The film portion of the construction acts as a barrier to contamination (liquid, solid and bacteria) while the pressure sensitive adhesive provides a convenient means of attachment to the surface, typically skin. In some cases, the adhesive provides an intimate contact with the surface, acting as a "gasket" to further seal the surface from contamination. Physical properties such as film tensile, tear, elongation and adhesion performance of adhesive-coated film materials have been studied and reported over the years, with the result that the product designer has available many combinations of films and adhesives with which to work.
The scope of this article is twofold. First, to point out how the various physical properties either compete with or complement one another, and second, to demonstrate the effects that film and adhesive choices have on the moisture-vapor permeability of the product.
Many film/adhesive combinations are occlusive in nature, sealing the surface such that not only are contaminants isolated from the surface but also moisture from the skin itself is sealed beneath the covered area. Should the attachment be worn on the skin for some extended period, this entrapped moisture can be deleterious to the covered area. In severe instances, the skin itself can become macerated and difficult to heal. For that reason, product designers try to allow for some measure of transmission of moisture from the skin surface through the polymer film and adhesive layers while retaining desirable barrier and mechanical properties. The property of passing moisture vapor is identified as the "Moisture Vapor Transmission Ratio" or MVTR of the laminate.
A search of the literature reveals several methods for evaluating MVTR of materials. The most commonly used technique is the one described in ASTM Method E-96, using an inverted test cup. It is also the method we have used in this study.
In a simplified explanation, a given amount of water is placed into the test cup described by the test method. The film/adhesive combination is placed over the opening of the cup and sealed around the perimeter, allowing a known area of the film/adhesive combination to act as a barrier between the water in the cup and the atmosphere. The weight of the cup/water/sample assembly is determined to at least three decimal places. The cup is inverted so that the water covers the exposed film/adhesive combination and placed in a chamber at a given temperature and relative humidity. The cup is removed after a given time interval (typically one hour), re-weighed and placed back into the chamber. The cycle is repeated multiple times with weights obtained after each residence period in the chamber. Weight loss from the original weight is obtained after each interval and is recorded vs. the time. Typically a six-hour residence is adequate, giving six weights; but additional times or residence times of shorter duration may be dictated by the performance of the combination. The slope of the curve of the weight loss vs. time is calculated. This value is divided by the area of the exposed sample, and the result is multiplied by 24 to yield the MVTR of the combination in units of grams per sq meter/24 hours or GSM/24 hr. It is recommended that samples be run in at least duplicate, with triplicates preferred.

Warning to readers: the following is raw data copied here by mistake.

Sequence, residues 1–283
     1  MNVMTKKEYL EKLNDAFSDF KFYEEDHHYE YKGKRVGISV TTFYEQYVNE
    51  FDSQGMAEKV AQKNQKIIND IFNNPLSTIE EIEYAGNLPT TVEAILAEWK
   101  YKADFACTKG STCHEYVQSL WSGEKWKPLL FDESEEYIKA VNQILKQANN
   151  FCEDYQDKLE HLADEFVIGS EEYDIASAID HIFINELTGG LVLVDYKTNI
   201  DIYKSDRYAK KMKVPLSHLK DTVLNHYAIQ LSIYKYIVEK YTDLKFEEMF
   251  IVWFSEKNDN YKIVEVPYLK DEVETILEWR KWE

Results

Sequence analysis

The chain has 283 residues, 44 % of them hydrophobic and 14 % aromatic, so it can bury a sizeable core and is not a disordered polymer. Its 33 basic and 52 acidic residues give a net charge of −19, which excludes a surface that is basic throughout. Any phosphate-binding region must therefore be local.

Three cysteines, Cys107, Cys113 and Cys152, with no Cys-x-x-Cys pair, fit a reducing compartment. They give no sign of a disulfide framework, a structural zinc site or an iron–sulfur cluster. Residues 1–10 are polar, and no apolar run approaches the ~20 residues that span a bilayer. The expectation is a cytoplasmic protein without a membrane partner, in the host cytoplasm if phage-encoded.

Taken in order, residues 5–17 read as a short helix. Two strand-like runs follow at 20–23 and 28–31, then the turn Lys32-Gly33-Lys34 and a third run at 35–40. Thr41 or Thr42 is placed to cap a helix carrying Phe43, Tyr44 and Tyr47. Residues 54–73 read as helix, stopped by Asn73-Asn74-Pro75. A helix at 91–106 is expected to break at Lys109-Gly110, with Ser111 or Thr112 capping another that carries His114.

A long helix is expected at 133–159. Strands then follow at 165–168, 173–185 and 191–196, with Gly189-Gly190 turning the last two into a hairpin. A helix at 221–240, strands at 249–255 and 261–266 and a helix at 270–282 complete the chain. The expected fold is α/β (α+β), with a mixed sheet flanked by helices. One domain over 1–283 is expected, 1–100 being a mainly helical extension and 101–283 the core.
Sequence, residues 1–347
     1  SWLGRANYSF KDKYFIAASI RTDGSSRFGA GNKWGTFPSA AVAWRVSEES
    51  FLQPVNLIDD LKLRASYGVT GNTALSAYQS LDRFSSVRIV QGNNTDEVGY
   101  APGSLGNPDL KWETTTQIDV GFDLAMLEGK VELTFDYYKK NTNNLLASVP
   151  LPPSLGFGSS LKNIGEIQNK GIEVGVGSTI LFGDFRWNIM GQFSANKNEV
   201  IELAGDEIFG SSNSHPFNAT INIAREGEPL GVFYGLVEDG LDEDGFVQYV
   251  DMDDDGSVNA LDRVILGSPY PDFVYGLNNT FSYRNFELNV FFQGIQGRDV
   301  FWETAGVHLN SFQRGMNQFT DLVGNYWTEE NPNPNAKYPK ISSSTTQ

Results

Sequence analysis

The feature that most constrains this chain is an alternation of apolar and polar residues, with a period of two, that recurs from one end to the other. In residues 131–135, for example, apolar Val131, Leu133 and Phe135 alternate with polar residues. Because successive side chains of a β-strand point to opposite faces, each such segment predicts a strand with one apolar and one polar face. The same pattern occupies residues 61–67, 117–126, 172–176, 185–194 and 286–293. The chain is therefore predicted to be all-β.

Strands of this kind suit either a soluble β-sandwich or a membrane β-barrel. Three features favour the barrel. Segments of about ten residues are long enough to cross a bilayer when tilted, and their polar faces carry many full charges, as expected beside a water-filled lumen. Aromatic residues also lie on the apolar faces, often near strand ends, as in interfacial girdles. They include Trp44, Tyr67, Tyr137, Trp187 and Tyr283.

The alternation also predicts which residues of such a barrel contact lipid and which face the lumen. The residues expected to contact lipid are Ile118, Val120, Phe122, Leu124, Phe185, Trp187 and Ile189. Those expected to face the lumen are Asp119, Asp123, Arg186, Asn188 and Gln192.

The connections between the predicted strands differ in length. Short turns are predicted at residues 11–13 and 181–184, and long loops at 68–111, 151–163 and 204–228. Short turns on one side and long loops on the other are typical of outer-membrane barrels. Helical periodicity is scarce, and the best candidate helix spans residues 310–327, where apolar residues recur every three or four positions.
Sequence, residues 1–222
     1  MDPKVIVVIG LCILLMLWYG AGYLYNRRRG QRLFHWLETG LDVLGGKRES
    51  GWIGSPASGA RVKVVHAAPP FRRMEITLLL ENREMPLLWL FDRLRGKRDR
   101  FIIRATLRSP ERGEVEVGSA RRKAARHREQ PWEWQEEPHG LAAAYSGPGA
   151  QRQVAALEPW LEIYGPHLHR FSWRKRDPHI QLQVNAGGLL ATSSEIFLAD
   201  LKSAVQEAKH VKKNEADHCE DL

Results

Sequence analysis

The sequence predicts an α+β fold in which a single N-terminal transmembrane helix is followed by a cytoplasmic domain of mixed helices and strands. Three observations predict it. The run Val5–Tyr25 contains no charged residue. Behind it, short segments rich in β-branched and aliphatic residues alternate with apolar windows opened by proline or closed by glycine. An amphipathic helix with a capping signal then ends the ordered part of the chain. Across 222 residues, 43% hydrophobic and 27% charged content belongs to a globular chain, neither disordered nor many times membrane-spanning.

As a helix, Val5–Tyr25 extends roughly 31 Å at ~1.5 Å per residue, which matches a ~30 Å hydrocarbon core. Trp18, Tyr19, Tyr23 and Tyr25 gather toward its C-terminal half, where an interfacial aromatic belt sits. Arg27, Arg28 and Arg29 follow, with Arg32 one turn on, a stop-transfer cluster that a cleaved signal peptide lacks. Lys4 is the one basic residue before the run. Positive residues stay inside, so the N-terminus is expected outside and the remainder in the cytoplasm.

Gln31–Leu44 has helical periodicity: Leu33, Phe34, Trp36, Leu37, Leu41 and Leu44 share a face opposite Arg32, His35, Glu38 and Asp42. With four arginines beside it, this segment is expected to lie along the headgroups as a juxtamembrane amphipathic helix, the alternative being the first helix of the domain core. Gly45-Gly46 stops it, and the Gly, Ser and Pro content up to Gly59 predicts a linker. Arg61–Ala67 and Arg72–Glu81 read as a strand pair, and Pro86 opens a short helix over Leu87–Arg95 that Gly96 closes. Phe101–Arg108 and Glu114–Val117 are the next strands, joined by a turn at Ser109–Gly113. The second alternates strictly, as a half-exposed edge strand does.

Film SelectionMany film types are available for use in adhesive-coated film products for medical applications. The choice of the proper film for the particular application will depend upon the following film properties:
- Appearance. The film can be colored or colorless; clear, translucent or opaque; matte, gloss or some version of semi-gloss. Wound-care films tend to be fairly clear to allow for observation of the wound and the skin beneath, while most surgical applications prefer a non-glaring matte film.
- Thickness. Most films can be manufactured over a wide thickness range, but for the vast majority of medical applications referred to above, the films will be 0.01 mm to 0.075 mm. Thinner films will provide increased breathability and softness. Thicker films will generally be stronger.
- Mechanical Properties. Tensile strength, tear resistance, modulus, elongation, puncture resistance, hardness and drapability help to characterize the physical performance of films. Film selection is made challenging when properties compete against each other, such as softness or drapability vs. thickness or strength.
- MVTR. Moisture-vapor transmission requirements will be determined by the need for the finished product to be in skin contact for extended time, or for specific wound-healing characteristics. Moisture-vapor transport properties of films will vary widely depending upon the specific polymer structure of the film. When selecting a film, care should be taken to evaluate factors that can enhance the MVTR of a film. Lowering thickness is one of the major factors to impact MVTR, but lower thickness must be evaluated for its impact on the mechanical strength of the film.
Most common films (polyester, polyolefin, PVC, etc.) exhibit very low MVTR properties, making them generally unsuitable for use in applications that require longer-term adhesion to skin. As a class, polyurethane films can be manufactured with varying degrees of MVTR, many of them having quite high MVTR values.
Figure 1 illustrates the MVTR properties of various polyurethane films as determined by ASTM E-96. Note how the results span a very wide range of values from 300 to nearly 20,000 GSM/24 hr.
A product designer certainly has an excellent variety of materials to choose from to achieve a particular set of mechanical and breathability requirements. These films can be manufactured by extrusion or by casting from a solvent or water system. Some can be supplied as free films, while others are supplied on a supporting casting sheet.